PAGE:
Ah, New Zealand.  Coz that kind of shit is never going to happen in a country that was founded by people so prude they were kicked out of England.

I DIGRESS, but that’s why we go to the theatre, to stimulate our noggins. All of this was resonating in my head from the opening of this show, as she was folding a stack of clean towels, to her inevitable change into street clothes.

While I’m not a theatre critic, I am a difficult audience member, and yet I found this show quite enjoyable to watch, and found that other spectators found it fascinating quite simply as a glimpse behind the curtain. Since most people know nothing about prostitution other than what they see on TV, this show is an unveiling.  Yet I can’t help but imagine what it could be if it continues on the path of these early productions (New Zealand, New York) and evolves into a more fictive form with a more deliberate arc and farther-reaching ambitions. Start with a large clock on the wall, so that we’re more oppressed by the time and can see every time she checks it. Sculpt the piece more deliberately to mirror an hour-long session, with various asides to cover statistics and her favorite anecdotes that illustrate the moment we’re in. Bring the technical aspects into the room with us. Dim the lights. Let her take her clothes off, but keep the artiface of not allowing us to see her naked—dim lighting, some backing soundtrack (a cheap boom box by the side of the bed, natch), and cast the spell over us the way Rouge has cast the spell over so many men. Let us see her at her professional best, and when she slips that dress back on and the lights snap up, let us see her for who she truly is—this moment is a kink into itself for many johns. The most emphatically effective line of the text is from the very end of the show: you can’t glamorize or vilify it, it’s just a job.”  But it is both vilified and glamorized, by the media, by the practitioners who require the illusion to continue to make a buck, by the johns, by the porn industry, by every primetime drama that features a sex worker as hero, as villain, or as victim. Take us there—give us the evils of the job and give us the glory of the job—then pull back the curtain and let us see that, after all, it is just a job.  The first job, perhaps, but still, just a job.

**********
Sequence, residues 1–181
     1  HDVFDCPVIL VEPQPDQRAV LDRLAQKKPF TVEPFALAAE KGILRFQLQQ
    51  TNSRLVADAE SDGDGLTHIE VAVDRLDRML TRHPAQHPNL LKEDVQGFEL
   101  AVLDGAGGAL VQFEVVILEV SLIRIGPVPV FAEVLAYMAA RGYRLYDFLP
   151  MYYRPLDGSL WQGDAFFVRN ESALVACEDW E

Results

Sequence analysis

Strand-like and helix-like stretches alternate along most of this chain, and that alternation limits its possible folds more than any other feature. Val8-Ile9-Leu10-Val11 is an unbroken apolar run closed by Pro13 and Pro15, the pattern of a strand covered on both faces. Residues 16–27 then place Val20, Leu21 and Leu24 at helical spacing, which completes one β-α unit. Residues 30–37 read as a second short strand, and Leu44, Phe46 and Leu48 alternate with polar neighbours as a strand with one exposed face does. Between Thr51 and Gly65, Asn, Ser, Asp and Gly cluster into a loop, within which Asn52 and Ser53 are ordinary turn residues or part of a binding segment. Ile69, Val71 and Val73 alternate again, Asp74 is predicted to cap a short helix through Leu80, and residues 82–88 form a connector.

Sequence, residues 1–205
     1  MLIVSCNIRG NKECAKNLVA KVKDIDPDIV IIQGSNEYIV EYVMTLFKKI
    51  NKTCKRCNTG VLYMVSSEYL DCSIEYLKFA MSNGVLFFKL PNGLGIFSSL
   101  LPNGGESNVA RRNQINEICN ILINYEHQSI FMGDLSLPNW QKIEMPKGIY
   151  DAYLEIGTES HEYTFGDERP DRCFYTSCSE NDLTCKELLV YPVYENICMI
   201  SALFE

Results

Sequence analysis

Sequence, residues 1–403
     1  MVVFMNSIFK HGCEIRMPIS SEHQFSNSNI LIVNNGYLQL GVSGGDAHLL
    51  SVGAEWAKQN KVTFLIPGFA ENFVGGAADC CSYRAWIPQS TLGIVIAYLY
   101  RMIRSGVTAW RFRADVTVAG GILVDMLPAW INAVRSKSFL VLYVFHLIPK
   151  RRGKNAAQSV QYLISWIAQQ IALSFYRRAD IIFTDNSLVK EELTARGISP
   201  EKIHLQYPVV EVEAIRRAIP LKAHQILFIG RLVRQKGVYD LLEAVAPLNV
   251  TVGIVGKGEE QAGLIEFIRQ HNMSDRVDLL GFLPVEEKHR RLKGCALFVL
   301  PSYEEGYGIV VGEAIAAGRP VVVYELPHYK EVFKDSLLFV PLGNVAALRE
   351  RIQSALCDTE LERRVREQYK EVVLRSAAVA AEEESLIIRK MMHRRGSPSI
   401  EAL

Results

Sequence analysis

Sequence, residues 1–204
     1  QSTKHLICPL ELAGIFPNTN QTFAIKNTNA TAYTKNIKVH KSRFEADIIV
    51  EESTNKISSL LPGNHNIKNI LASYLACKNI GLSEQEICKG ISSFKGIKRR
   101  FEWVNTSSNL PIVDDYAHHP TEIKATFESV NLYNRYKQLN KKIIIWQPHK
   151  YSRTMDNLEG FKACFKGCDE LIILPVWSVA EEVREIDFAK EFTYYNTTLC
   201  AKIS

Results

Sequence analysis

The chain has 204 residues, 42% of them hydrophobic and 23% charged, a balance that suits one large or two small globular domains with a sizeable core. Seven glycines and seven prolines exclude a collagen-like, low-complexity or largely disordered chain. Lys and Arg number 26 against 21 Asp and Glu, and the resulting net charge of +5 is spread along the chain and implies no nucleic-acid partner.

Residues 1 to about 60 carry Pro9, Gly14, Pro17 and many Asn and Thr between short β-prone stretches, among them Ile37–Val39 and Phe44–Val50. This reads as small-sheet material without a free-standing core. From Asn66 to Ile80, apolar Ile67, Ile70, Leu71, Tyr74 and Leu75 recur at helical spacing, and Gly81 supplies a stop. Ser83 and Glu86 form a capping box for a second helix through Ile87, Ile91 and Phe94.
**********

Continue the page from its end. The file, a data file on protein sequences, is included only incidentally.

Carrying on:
Pay for it,

(Dig these other great views from our friends at CulturalCapitol and The Edge).

Photos by Melanie Dixson & Chris McCarthy.Do not use without permission.

Share this post